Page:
Although his eyes were swollen almost completely shut, Billy could see USO Christmas lights decorating the hospital tent. Evoking strong emotions even now, Billy remembers staring at the Christmas lights and repeating over and over, “Oh my God, what is my mother going to do?” He was afraid that if he closed his eyes and fell asleep, he would die. Eventually he passed out. Later he saw an intense light and thought he must be dead. He jokes now that he started looking around for lost relatives, but seconds later he realized the bright light was the sun peeking through a gap in the sandbags surrounding the tent. He’d made it through the night!
Later in the day, Cardinal Francis Spellman (the Roman Catholic Vicar of the U.S. Armed Forces), the great evangelist Billy Graham, and motion picture star and comedienne Martha Raye, visited Billy. Reflecting that Billy was still in very serious condition, Cardinal Spellman administered him his last rights while Billy Graham held his hand and Martha Raye held his feet. Cardinal Spellman also gave Billy a crucifix, which he took home from the war.
After a day or so, the doctors told Billy he had to start walking to help circulate his blood or he would not make it. He was so weak, though, that he couldn’t even lift the heavy end of a spoon from a tray to feed himself. Then Martha Raye, who the soldiers affectionately called “Colonel Maggie”, reappeared at his bedside. She repeated what the doctors told him and said he wasn’t going to die on her watch. Then she helped Billy stand and told him to put his feet on hers and she walked him across the room. She visited at least one more time and did the same thing, until finally Billy gained enough strength to walk. Billy is certain that if Colonel Maggie had not come by to help him, the malaria would have killed him.
Although reduced to eighty-nine pounds and looking like a living skeleton, Billy began to recover. He wondered whether he would be sent to the Philippines or Japan before going home, but the Army had other plans. His doctor informed him that he was being sent back to his unit. Billy asked how that could be given his weight and that he’d been in the hospital for over thirty days. The doctor countered that Army regulations required he be returned to his unit because he’d not been in the same hospital for over thirty days. Knowing he couldn’t fight the man and reminded of his Basic Training feelings of being expendable, Billy shrugged it off and returned to his unit to finish out his tour.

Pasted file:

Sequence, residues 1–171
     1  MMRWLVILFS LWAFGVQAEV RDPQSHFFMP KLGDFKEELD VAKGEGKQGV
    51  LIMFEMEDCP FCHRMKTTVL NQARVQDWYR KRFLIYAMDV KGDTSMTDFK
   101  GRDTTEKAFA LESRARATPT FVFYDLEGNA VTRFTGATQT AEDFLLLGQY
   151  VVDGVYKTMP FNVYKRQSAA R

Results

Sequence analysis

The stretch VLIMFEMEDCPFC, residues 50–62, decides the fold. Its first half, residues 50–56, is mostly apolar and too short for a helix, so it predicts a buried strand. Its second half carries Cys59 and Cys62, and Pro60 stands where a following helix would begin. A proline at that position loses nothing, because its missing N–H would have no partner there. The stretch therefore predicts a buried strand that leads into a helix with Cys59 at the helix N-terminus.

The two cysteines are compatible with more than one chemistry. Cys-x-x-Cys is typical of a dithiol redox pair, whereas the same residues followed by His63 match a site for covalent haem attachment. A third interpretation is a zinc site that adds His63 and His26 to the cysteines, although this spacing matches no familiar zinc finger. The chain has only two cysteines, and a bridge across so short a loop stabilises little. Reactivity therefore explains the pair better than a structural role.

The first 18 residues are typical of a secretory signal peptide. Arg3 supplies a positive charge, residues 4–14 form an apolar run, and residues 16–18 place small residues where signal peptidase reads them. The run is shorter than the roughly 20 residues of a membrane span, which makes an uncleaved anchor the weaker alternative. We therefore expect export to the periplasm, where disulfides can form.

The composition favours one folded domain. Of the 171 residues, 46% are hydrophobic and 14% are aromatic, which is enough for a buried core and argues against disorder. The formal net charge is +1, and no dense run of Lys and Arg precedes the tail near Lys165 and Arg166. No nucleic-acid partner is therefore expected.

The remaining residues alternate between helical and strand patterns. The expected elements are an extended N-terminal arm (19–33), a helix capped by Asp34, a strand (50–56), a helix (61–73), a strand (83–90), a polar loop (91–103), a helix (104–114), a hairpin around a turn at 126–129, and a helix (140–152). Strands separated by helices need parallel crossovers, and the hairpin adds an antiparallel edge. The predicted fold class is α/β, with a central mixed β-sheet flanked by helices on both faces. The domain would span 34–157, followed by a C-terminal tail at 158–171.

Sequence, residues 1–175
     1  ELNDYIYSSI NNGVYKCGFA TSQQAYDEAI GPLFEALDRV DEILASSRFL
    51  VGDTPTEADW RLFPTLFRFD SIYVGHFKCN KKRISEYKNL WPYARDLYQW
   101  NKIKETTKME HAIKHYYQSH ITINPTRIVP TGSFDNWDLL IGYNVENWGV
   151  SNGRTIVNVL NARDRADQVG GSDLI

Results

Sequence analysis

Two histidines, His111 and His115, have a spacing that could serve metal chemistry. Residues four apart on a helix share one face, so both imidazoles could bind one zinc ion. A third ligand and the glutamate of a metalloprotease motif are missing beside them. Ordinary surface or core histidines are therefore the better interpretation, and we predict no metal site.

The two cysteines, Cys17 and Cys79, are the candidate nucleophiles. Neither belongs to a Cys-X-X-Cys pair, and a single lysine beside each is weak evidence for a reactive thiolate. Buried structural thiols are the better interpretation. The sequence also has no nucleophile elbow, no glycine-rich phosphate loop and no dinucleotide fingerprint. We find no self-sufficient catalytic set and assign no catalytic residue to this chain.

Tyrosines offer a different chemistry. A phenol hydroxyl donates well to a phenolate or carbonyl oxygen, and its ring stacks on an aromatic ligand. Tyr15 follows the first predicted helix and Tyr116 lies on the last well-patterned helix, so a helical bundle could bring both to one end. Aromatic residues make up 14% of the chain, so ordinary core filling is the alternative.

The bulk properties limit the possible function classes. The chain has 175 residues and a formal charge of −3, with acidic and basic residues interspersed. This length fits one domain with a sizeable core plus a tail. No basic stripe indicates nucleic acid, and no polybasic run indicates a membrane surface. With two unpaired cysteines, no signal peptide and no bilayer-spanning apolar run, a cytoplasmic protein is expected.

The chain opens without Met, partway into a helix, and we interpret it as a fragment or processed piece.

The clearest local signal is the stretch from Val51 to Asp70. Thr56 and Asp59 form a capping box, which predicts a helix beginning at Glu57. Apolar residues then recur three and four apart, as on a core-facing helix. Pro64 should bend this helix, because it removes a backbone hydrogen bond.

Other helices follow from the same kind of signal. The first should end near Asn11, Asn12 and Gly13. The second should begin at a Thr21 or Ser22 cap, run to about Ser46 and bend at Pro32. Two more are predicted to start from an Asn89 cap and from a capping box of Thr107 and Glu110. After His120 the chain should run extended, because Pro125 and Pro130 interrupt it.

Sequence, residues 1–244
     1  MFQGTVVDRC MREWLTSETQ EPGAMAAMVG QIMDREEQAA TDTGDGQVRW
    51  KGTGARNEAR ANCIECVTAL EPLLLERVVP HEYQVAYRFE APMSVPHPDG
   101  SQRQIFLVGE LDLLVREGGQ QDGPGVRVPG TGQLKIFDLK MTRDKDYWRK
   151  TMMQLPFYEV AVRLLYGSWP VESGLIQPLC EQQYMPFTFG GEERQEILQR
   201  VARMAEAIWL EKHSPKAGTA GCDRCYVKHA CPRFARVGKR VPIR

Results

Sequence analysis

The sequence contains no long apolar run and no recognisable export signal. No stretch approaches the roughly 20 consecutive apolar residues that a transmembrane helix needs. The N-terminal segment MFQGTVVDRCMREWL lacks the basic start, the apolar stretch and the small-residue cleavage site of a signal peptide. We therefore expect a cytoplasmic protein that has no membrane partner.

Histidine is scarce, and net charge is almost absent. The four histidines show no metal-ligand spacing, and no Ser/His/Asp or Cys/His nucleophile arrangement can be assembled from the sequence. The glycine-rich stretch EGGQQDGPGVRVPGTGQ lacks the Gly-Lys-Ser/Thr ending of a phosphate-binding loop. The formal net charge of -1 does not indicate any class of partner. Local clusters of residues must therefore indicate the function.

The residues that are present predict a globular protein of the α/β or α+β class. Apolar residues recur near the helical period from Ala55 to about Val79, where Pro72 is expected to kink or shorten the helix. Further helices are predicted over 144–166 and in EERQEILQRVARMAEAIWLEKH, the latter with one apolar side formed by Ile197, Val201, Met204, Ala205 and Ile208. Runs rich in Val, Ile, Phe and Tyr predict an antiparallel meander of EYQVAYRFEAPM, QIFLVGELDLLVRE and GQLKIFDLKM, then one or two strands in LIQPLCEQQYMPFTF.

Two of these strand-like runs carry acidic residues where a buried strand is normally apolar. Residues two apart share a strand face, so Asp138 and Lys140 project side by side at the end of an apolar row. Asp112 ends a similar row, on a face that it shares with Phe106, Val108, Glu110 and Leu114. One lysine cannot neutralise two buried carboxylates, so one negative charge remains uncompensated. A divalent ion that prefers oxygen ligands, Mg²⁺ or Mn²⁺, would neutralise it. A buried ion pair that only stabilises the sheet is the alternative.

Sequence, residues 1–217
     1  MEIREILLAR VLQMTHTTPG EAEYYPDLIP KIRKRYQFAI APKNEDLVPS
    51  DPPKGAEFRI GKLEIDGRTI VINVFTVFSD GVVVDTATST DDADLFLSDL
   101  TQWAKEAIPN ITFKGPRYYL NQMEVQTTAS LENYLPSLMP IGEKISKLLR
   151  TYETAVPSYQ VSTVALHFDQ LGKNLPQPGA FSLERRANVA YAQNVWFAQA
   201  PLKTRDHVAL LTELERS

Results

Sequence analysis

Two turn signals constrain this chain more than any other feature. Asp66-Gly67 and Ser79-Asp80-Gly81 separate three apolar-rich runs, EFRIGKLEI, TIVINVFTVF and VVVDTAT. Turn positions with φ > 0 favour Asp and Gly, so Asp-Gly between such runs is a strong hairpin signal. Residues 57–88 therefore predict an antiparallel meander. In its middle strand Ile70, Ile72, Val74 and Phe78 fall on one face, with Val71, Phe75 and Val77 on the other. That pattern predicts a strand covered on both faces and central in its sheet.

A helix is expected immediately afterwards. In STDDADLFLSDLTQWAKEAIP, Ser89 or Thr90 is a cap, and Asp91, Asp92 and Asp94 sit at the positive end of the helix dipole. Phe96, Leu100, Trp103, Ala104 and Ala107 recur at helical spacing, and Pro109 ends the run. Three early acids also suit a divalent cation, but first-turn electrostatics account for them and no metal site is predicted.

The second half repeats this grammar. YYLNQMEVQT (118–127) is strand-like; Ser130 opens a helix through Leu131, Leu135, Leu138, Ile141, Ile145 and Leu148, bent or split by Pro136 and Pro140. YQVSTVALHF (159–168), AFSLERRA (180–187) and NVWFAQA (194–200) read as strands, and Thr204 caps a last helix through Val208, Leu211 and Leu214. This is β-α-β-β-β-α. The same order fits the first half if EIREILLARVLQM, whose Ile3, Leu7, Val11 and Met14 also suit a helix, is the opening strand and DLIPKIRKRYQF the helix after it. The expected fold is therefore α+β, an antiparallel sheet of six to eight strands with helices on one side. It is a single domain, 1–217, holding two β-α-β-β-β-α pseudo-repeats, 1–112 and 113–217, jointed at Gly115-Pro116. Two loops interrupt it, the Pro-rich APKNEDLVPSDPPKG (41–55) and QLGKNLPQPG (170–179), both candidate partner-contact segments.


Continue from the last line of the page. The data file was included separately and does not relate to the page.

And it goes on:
Nearing the end of his tour, Billy and his friend, Lieutenant Jordan Klempner, flew in a Huey helicopter from Tuy Hoa north to a fire base near Duc Pho, where the helicopter came under fire. The pilot guided the helicopter to a landing zone behind four 105mm howitzers firing rounds at the enemy. Billy and Lieutenant Klempner jumped to the ground before the helicopter peeled away. They ran toward a group of vehicles assembled nearby and boarded a three-quarter ton truck in a convoy heading to Duc Pho. As they passed through several hamlets along the way, Billy sensed something wasn’t right and laid down on the bed of the truck with a round chambered in his rifle. Lieutenant Klempner, who was still standing in the back of the truck, asked Billy what he was doing. Billy said it was too quiet—he couldn’t hear birds anymore—just the sound of the trucks. Lieutenant Klempner got down too and moments later, gunfire erupted at the front of the convoy, killing the lead driver. A firefight ensued, pinning down Billy and Lieutenant Klempner. Eventually, two jets dropping napalm suppressed the attack and the convoy was able to continue to Duc Pho, carrying its dead and wounded. The next day, Billy and Lieutenant Klempner returned to the landing zone in a column of vehicles that included tanks at the beginning and the end, with a Huey helicopter gunship overhead spraying the terrain on both sides of the road with M-60 machine gun fire. After returning to the landing zone, Billy and Lieutenant Klempner flew back to Tuy Hoa. Billy considers the attack on the convoy on the road to Duc Pho to be his most trying experience of the war.